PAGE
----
The Northern Virginia-based Inova Health System with a total of 1,753 licensed beds, one of many healthcare organizations on a path to meaningful use, is in the process of liberating the data silos of its six community hospitals to inch its way toward becoming an accountable care organization (ACO). Inova enlisted the help of the Redwood Shores, Calif.-based Oracle Health Sciences, whose suite of interoperability and analytics products formed the informatics foundation of a data services hub within Inova to cull patient information for clinical care and research purposes. HCI Associate Editor Jennifer Prestigiacomo spoke with Inova’s Chief Medical Information Officer Ryan Bosch, M.D., about the strategies and challenges surrounding the journey toward accountable care. Here are excerpts from that interview:
Healthcare Informatics: What is Inova currently doing to link its silos of data?
Ryan Bosch, M.D.: We are really excited about our allergy product and our allergy work. It’s going to sound like a little, teeny thing, but when you have all those different systems, a lot of those systems have an allergy list in it. When a patient shows up to our ER, that patient expects that we enter the allergies [across all our systems]. During that visit, that might be the only system they touch. One of our hospitals only runs McKesson, so the patient might always be in McKesson. The next year they may move, and get admitted to another Inova hospital, so we have to think at a more enterprise level. And the Inova intelligence engine allows us to consume disparate pieces of data and liberate them from their core source, and then create a source of truth for that patient, so when we pull up the Inova intelligence engine we can say, “What allergies did Mr. Smith have?” And we’d have a consolidated view of what they were.
So the master patient index is in its simplest state a source of truth, for a unique identification method of that patient. It’s like a medical record number with a wizard in it that helps it match and make sure that the 10,000 John Smiths that we have, we know which one of them are the same and we have algorithms that allow us to make those connections and bridges and algorithms that tell us, yeah these probably are same, but we’re still not comfortable enough based on our internal audit to bridge them, so we’re going to keep them as individuals now. Conceptually, it allows us to know and identify an individual across our entire footprint.
HCI: What have been some challenges so far?
Bosch: We call our project inside the shop here the Rosetta Stone because we are taking Greek, Cyrillic, hieroglyphics, and trying to find translations. Because the legacy data was written in whatever language they chose to write it in, without any plan ever to push it to anybody, we have 15 years of data written in hieroglyphics. I can go extract it, but it doesn’t mean anything. So how do I extract it in a way that translates it too, not only in today’s terms—because we’re in an explosive interoperable environment, where there are actually more and more definitions, “you should use this language when you’re talking about medications, and the FDB [First Databank] language when you’re talking about allergies, and SNOMED for medical problems, and ICD-9 when you’re talking about billing and diagnosis? So, the real challenge is, the IT folks would call it, the migration table. How do you use a Rosetta Stone to consume and extract the data and place it in a new storage where it has the tags and the categories and it has context now to be used in a meaningful way?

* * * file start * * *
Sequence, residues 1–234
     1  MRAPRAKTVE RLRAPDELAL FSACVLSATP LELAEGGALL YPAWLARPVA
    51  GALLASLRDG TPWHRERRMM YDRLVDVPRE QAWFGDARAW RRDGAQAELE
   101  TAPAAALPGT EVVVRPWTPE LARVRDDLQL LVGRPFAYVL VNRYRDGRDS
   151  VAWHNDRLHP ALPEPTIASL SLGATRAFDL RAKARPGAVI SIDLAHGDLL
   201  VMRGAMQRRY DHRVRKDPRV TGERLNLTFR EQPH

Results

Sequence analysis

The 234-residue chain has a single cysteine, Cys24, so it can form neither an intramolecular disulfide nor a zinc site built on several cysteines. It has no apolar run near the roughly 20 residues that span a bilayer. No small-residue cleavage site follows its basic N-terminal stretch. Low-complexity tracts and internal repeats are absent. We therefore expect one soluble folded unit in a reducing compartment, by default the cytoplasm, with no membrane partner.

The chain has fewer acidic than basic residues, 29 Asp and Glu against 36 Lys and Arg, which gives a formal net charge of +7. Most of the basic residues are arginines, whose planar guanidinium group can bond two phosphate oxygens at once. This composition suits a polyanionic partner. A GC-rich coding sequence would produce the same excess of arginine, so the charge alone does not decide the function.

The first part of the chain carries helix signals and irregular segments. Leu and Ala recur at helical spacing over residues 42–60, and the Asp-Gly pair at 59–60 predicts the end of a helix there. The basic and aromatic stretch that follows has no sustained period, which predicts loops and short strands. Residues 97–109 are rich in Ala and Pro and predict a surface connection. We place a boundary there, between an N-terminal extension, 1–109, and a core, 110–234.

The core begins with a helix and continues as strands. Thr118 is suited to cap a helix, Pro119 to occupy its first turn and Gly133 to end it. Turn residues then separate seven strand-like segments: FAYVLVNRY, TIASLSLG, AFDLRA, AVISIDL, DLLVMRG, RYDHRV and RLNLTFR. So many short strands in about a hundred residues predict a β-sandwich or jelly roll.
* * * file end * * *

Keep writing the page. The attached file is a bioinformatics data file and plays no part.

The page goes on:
HCI: How will healthcare systems like Inova move toward the ACO model of care?
Bosch: The whole accountable care model really requires an intelligent delivery of healthcare. You need an intelligent engine underneath it. You need to know what you did, how it helped the patient, the care situation, so you can iterate on it and do better. It’s a feedback loop. To become an accountable care organization, it implies that as a healthcare delivery system, we have insight into what we’ve done, where we did it, how much it cost us, how much it cost the patient, how much benefit it provided? There are just so many different layers of feedback or analytics that it requires—because ultimately the ACO model is trying to take some of the risk of financial care to the patient away from the third party payers and push that risk to different places. So, they’d like health systems to accept some of that risk in the care of the patient, but to do that, anyone who wants to be an ACO has to know really granularly what their costs, expenses, outcomes, and quality are. To get to that stage of being an ACO requires this internal capacity to know your internal data really well.